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Why we should not blame councils for housing crisis | Housing

The latest attack on our planning system is misguided (Michael Gove threatens action against English councils over housing plans, 19 December). Michael Gove misses the real reason why the UK lags so far behind other parts of Europe. For decades, governments have relied on housebuilders, who want to make money quickly. At the same time, it has cut the capacity of local authorities to be more than regulators.

Even in popular areas with agreed plans, such as Northstowe in Cambridge, Southall in west London, or around Gloucester, building is grinding to a halt as confidence dissolves. The results are congestion, pollution and stress for local communities.

The government needs to rebuild capacity to deliver from the bottom up. New towns provide inspiration, but development must be joined up with existing infrastructure capacity, especially local rail. Our Wolfson prize-winning plan for Uxcester Garden City showed how mid-sized cities such as Oxford or York could be doubled in size through a visionary spatial plan. Yet the proposal was blocked by a previous housing minister, apparently because it would extend a tightly bounded city into Tory strongholds.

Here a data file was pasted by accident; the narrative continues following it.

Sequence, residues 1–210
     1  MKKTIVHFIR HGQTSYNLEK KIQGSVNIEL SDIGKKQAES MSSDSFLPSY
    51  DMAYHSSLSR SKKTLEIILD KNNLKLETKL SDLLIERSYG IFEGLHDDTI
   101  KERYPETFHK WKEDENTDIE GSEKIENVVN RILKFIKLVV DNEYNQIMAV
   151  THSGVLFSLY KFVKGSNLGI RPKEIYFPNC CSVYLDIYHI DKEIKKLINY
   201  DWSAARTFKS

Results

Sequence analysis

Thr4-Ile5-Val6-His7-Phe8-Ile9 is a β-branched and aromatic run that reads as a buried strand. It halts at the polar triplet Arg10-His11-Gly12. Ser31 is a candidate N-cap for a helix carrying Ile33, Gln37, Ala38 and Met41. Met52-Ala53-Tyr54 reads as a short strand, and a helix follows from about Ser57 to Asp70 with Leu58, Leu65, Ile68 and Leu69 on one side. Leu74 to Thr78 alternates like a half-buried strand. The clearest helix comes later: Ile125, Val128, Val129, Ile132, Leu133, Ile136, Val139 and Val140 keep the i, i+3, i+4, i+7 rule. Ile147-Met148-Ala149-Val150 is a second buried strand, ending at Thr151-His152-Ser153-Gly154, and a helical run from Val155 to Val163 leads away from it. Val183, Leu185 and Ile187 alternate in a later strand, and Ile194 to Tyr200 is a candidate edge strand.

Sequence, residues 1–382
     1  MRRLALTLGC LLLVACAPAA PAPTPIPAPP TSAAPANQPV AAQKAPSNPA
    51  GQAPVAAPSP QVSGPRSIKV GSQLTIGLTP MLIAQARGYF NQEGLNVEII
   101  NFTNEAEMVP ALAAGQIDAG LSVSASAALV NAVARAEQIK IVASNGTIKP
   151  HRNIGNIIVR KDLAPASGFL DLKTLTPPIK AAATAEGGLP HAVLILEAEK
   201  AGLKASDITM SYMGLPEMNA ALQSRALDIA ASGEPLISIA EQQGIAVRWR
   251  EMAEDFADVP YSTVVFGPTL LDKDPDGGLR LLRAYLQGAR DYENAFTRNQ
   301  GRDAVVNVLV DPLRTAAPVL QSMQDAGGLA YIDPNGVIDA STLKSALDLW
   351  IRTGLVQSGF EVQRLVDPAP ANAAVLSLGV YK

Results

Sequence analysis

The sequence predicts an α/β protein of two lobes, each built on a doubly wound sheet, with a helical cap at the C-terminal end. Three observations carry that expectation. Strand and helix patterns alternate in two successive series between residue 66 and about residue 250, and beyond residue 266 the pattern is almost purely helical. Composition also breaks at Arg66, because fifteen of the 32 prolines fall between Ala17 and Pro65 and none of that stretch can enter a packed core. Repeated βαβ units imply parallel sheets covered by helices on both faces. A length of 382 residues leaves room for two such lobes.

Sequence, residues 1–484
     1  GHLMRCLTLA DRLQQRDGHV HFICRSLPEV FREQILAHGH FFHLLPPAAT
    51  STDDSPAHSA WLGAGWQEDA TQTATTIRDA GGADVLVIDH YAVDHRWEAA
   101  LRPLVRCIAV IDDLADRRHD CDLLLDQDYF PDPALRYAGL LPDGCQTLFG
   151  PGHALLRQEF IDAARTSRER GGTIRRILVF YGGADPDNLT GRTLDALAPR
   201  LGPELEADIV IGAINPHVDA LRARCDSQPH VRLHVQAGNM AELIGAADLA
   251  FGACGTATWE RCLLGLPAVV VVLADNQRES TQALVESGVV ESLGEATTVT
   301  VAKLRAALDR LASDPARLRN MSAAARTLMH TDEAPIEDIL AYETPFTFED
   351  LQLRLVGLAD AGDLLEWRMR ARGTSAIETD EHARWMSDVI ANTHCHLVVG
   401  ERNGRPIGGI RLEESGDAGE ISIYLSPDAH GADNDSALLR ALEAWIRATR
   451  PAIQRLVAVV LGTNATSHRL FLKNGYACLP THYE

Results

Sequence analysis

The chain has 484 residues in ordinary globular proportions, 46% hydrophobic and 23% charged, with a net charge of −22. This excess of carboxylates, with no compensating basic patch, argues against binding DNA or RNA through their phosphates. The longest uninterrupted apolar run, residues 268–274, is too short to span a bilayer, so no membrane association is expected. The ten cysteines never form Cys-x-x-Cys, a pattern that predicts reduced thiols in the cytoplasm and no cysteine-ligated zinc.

Good strategic planning requires the use of compulsory purchase powers to assemble land in the right locations at existing use values with long-term loans from pension funds and insurance companies for the foundations. Delivery should be through small builders, including cooperatives (as in the Netherlands or Germany) to create neighbourhoods where people on a range of incomes want to live.

The government needs to resource strategic planning properly rather than continually attacking councils for what is not their fault.
Dr Nicholas Falk
Executive director, the Urbed Trust

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